Bus Stop Classics: Sultana TM 40 SP – Southern Scenicruiser


(first posted 8/6/2016)     A majority of our Bus Stop Classic posts to date have focused on motor coaches used in the US and Canada – we’ve yet to look at a bus from our other North American neighbor – Mexico, and as I started reviewing possible candidates, one clearly stood out – the Sultana TM 40 – a 4 axle intercity bus with steerable front tandem wheels.


Coaches with tandem front wheels, which allow for heavier loads on weight-restricted jurisdictions, were once a bit more common in Europe, Asia and other parts of the world, but increasing weight limits and lighter construction techniques have made them mostly irrelevant.


A little history first – Sultana coaches were built by a Mexican transportation conglomerate – Trailers de Monterrey, established in 1952 that built trailers, trucks and buses.  It is now called Groupo Industrial Ramirez.  The company’s founder, Mr Ramirez, is in the middle of the above photo.


Sultana Super Integral


Brill ACF IC 41

The TM 40 was preceded by several other Sultana models; here is a “Super Integral” which bears a close similarity to the ACF Brill IC 41 coach.


Sultana Integral


GM PD 4103

This is a later “Integral” which somewhat resembles a GM PD 4103.


Sultana TM 40


GM 4501                                                                      Flxible VL-100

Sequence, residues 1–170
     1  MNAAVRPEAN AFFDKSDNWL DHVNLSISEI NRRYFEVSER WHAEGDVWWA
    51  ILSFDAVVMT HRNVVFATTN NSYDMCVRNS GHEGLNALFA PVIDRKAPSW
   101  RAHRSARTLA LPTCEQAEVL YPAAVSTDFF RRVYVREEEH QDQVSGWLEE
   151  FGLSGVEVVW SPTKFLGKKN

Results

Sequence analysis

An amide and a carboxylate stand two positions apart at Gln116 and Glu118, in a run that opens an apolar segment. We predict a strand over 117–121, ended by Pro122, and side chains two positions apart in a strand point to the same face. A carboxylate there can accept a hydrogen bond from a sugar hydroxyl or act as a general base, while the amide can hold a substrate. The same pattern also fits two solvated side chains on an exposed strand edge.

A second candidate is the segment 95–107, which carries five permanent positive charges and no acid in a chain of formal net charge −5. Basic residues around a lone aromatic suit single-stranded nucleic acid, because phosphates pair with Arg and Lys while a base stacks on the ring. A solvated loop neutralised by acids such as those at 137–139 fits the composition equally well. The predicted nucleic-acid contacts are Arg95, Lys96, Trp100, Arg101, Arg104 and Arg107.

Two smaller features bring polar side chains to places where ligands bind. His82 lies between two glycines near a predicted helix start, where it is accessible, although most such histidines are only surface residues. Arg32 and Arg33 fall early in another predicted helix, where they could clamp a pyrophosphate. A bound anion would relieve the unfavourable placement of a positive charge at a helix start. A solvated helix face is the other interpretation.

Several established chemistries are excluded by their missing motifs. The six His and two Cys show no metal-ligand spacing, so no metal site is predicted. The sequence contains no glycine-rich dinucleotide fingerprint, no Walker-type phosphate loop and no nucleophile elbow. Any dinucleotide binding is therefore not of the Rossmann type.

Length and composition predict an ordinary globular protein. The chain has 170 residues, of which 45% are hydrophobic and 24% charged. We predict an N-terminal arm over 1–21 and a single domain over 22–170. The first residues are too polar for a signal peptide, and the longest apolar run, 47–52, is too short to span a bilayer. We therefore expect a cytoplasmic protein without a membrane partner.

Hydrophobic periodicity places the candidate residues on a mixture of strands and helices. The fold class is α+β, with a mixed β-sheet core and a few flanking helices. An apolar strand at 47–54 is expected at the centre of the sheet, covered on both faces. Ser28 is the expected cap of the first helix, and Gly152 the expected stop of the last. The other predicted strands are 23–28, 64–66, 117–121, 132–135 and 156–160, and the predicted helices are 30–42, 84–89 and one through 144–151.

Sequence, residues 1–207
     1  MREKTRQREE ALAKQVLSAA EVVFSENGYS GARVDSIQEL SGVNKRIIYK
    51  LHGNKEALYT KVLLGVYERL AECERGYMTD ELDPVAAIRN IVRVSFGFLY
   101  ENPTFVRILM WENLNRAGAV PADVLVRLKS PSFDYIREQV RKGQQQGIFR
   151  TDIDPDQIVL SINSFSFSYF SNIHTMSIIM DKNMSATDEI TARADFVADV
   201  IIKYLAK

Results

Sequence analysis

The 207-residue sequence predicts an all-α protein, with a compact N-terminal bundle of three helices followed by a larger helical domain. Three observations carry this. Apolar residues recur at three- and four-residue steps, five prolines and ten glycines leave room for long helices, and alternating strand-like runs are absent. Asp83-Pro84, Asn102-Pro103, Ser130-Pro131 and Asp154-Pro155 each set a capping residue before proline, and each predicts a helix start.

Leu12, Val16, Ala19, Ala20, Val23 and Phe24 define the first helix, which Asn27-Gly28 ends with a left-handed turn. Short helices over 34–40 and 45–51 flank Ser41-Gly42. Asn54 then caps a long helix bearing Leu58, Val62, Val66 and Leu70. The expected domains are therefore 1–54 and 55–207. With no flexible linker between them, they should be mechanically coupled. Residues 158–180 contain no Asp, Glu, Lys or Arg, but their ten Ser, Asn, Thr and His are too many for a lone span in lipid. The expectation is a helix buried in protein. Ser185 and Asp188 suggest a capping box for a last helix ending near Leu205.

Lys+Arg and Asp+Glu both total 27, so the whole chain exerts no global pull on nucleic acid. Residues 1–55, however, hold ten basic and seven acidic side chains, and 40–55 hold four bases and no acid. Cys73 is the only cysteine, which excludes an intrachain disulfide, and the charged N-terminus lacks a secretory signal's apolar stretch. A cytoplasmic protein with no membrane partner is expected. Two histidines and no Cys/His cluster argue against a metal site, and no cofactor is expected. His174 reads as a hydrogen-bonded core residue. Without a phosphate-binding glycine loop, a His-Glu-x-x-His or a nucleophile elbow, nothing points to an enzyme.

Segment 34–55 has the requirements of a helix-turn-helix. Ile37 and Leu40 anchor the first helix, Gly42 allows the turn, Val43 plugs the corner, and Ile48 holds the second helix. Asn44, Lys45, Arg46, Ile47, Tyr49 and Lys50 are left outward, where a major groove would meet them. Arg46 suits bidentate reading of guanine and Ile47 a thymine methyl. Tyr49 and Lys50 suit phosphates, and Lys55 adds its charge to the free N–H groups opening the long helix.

The TM 40’s inspiration seems to emanate from two mid-’50s buses; the GM 4501 Scenicruiser and Flxible VL-100 Vistaliner.


Interesting in that the company’s main competitor, Dina, license built versions of Flxible’s coaches in the 1960’s.  This is a Dina “Olympico.”

The TM 40 first rolled off the assembly line in 1963 and was built up to the late ‘70s.  It used mostly GM engines shipped from the US – typically the 8V71, with a Fuller “Road-Ranger” transmission.


Like its US counterpart, it was air-conditioned and had a restroom.  Some also had small galleys that could prepare buffet meals for long trips.  The SP stood for “Super Panoramico”


The coach was routinely used on the Mexico City to Acapulco route – in the ’60s and ‘70s about a 10 hour run.


Sultana supplied buses for much of Central and South America and my understanding is several are still in use in smaller Central American countries.


Though drawing inspiration from other models, it’s a truly interesting design…